Ernest Hemingway and His Growth as a Political Activist in the 1930s

Anders Greenspan

Abstract


Ernest Hemingway was one the United States’ most famous authors of the twentieth century.  Known primarily for his fiction, Hemingway was also a journalist and a political commentator. Although he was reluctant in his early years to share his political beliefs with a wide audience, as he grew older and the political events of the 1930s grew more ominous, Hemingway went to Spain to cover the Spanish Civil War as a journalist. Although he began with a more neutral approach to the fighting in Spain, as the war wore on, Hemingway openly became a strong supporter of the Republican cause. He then began to work as a political commentator for the magazine Ken, openly espousing an antifascist view, clearly breaking with his previously neutral approach to world affairs, continuing this position with the publication of his world-famous novel, For Whom the Bell Tolls. By the 1940s Hemingway was internationally known and his political beliefs were an integral part of who he was.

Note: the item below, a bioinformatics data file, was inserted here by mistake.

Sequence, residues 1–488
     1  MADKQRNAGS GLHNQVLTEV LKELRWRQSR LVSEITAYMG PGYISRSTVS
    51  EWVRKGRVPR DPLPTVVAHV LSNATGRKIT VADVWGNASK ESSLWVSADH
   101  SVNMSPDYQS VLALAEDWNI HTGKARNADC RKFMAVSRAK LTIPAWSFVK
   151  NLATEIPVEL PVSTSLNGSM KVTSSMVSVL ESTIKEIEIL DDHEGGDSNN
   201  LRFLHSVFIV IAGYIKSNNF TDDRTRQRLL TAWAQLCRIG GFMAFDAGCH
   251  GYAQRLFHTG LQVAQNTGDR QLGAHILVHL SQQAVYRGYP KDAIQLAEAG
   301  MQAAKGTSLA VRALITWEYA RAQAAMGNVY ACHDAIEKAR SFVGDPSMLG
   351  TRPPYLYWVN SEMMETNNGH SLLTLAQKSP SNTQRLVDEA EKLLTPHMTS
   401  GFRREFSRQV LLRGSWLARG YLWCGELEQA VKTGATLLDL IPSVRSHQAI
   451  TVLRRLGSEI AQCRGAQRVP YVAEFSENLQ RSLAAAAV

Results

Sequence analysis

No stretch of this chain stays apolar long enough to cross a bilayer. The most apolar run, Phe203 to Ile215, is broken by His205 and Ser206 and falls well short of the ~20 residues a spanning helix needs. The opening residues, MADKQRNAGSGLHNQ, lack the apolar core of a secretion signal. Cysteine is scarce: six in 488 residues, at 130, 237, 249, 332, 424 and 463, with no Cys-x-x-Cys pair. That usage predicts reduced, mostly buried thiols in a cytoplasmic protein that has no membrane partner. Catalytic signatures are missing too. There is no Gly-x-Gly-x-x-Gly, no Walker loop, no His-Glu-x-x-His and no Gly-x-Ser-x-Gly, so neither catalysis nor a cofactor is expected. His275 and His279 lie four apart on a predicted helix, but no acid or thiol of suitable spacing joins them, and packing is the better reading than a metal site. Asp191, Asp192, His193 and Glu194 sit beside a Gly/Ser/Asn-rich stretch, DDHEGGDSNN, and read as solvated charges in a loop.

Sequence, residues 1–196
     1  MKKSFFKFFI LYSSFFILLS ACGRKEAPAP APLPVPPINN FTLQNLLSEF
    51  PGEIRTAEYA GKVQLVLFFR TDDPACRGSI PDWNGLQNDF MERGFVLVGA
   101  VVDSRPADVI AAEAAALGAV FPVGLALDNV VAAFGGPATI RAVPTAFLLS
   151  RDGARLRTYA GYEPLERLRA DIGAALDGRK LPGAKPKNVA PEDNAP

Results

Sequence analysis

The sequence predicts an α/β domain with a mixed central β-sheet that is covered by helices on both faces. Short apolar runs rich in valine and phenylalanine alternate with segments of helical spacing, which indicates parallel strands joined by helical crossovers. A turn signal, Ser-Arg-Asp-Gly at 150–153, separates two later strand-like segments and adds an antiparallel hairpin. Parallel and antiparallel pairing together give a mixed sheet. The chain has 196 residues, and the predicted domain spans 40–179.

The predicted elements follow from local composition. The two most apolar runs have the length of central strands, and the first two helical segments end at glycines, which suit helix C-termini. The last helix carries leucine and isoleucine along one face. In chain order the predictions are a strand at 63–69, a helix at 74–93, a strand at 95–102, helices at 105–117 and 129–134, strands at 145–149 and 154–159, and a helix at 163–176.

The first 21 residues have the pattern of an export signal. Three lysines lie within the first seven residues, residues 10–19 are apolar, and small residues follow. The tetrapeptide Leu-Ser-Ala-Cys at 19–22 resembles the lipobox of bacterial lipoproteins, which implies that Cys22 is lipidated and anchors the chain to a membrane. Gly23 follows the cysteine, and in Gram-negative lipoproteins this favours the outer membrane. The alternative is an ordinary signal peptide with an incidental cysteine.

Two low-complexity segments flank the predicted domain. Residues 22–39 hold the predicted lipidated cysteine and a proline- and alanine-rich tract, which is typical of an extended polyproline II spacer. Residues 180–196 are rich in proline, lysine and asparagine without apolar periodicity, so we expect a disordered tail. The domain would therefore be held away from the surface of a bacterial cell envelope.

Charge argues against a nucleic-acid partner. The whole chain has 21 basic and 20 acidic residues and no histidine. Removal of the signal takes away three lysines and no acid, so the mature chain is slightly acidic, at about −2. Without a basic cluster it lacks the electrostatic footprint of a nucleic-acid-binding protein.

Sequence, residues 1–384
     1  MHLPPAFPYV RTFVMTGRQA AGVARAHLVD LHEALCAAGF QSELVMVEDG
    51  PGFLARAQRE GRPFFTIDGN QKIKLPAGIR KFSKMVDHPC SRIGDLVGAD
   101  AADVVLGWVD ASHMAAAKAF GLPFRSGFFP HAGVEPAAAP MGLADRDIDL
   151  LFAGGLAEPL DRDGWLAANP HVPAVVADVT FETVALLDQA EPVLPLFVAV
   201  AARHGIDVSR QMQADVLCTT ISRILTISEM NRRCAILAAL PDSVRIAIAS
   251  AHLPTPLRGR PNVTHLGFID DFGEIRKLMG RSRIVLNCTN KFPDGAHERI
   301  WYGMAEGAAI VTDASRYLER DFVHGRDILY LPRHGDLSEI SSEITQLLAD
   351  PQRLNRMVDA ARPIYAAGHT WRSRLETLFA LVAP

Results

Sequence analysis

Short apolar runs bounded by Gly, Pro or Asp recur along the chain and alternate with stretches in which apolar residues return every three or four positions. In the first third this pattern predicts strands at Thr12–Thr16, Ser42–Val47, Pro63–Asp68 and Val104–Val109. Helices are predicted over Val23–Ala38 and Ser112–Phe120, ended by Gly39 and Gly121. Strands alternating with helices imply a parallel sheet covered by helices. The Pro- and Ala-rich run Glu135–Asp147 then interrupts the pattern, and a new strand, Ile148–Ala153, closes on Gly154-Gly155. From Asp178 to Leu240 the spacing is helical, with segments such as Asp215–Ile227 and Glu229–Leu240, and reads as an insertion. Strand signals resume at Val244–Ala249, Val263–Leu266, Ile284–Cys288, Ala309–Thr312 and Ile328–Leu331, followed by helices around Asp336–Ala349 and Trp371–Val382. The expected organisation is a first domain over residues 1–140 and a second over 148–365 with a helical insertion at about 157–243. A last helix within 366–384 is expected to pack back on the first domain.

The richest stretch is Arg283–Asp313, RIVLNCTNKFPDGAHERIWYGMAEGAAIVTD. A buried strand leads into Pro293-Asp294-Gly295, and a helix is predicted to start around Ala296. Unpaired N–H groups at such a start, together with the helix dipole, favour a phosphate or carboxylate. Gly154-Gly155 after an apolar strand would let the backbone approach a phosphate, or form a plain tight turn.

Keywords


Cuba, Hemingway, Key West, Spain.

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References


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DOI: http://dx.doi.org/10.18533/journal.v6i4.1163

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